Just 20 years ago, prospective university students didn’t have the luxury of social media and internet search to research products and services. Now, we don’t think twice about students searching for postsecondary education, entering “best online college” or “nursing programs near me” into any search engine in order to determine the institution that best suits their needs.
As technology shifts and advances, so must advertising. The prevalence of online advertising and rise of mobile usage means that marketers need to account for both social media and paid search advertising to generate qualified leads and ultimately increase enrollment. At this point, the majority of higher education marketers have been (and should be) leveraging paid search advertising to generate qualified leads, yet marketers constantly tell me that campaigns aren’t yielding the right results. Some external factors, such as tuition inflation and reduced student demand have negatively affected prospecting, and ultimately enrollment. Despite this, the value of paid search shouldn’t be questioned or dismissed.
We’ve worked within the higher education sector for 17 years, and we’ve come to understand that there is a large disparity between EDU marketers’ understanding of paid media and the agencies they work with. All too often, higher education marketers are disillusioned by agencies who promise a lower cost per lead or an increase in quality leads. The unfortunate reality is that the majority of these promises never come to fruition, resulting in institutions changing paid search agencies an average of four times over the last 10 years (according to research we conducted on our client base). It has become increasingly important for marketers to analyze campaigns at a granular level and assess the various levers that can elevate their campaign performance; this requires a much deeper understanding of how paid search works.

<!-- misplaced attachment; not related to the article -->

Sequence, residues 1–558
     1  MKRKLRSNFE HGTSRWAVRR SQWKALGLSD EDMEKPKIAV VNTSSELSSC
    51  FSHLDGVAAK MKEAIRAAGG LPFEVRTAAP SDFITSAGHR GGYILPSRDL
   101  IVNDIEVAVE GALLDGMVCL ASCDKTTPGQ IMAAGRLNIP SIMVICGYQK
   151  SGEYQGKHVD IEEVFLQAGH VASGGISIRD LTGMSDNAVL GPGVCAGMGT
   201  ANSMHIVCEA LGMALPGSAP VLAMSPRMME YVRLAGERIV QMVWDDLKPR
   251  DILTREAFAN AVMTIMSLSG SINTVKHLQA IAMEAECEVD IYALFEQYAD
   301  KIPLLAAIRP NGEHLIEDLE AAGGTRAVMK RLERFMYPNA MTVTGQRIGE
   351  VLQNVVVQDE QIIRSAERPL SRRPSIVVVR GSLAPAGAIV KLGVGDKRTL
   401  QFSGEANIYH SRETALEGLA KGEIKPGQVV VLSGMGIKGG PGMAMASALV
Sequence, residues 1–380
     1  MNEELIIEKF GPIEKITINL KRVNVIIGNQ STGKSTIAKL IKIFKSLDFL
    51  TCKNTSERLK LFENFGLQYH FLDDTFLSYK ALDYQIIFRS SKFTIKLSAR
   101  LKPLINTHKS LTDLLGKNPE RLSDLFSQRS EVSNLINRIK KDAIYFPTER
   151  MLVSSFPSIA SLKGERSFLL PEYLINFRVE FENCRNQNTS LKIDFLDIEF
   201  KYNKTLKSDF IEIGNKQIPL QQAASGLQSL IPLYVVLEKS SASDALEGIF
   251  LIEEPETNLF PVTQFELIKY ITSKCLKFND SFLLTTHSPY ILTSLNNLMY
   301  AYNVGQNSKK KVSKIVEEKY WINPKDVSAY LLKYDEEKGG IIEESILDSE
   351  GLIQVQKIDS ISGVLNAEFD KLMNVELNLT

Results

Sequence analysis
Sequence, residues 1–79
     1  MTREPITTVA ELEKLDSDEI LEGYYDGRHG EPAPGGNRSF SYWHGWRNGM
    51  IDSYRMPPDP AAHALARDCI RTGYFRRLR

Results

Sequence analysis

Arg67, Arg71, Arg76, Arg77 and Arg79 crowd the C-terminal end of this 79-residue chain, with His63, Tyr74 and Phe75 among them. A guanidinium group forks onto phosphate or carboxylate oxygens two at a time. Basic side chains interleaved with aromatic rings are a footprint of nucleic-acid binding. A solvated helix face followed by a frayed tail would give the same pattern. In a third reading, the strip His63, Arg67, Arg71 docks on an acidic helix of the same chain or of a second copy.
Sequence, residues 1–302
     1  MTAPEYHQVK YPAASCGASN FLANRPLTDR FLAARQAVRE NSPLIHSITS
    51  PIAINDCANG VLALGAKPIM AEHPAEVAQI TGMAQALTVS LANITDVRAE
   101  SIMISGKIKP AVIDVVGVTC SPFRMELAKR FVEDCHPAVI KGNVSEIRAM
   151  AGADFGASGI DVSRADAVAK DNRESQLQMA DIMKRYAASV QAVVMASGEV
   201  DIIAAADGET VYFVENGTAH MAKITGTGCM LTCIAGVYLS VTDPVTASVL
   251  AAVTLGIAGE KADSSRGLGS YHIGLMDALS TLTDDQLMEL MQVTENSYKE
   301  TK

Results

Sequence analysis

Since 2010, higher education institutions have increased an estimated 9.4% of marketing spend as a percentage of revenue, and Katana has been at the forefront of this sector’s adoption of digital marketing. Our team of media experts has consolidated the most valuable paid media approaches that can easily be applied to any institution’s Google AdWords or Bing campaigns.
Higher education marketers can reference these user-friendly tips to boost online marketing campaigns right away— even without the more advanced technical know-how.
1. Separate branded versus non-branded keywords
Many advertisers commonly believe that investing in branded keywords over non-branded keywords provides the desired cost per click (CPC) or cost per acquisition (CPA), but the opposite is actually true most of the time. Upon analyzing the past 17 years of our clients’ historical campaign data, our research confirms that nine in 10 consumers initiating product/service research don’t know which brand they’ll choose or even how to begin looking.
Understanding the value of branded versus non-branded keywords requires deeper analysis and lower level thinking. When a typical user path is considered, the branded keyword user is already aware of a brand while the non-branded keyword user might not be. Converting the non-branded keyword user is actually more valuable because you’ve acquired them at the expense of your competitors.
Branded and non-branded keyword traffic is driven by different factors. Consider the following examples as it pertains to the higher education vertical:
Branded: Branded keywords explicitly include the brand’s name, and users searching for a branded keyword generally have brand awareness.
- Branded keyword campaigns ONLY have branded keywords, such as “Strayer MBA degrees,” “Strayer majors,” or “Strayer online programs”
- Ad copy should be focused on the benefits of the school and why students should attend
Non-branded: Non-branded keywords are more general and don’t include the brand’s name anywhere in the keyword. These users are conducting general research and might not have brand awareness.
- Non-branded keyword campaigns have a degree or program-specific keywords, such as, “MBA degrees” or “business degrees”
- Ad copy should be more about the program/degree benefits instead of the advantages of attending the specific school
- These campaigns can also have more general terms, such as “college degrees” or “graduate degree”
- Another non-branded keyword approach would be to use geo-modified keywords, such as “top-ranked colleges in California” or “graduate colleges in California”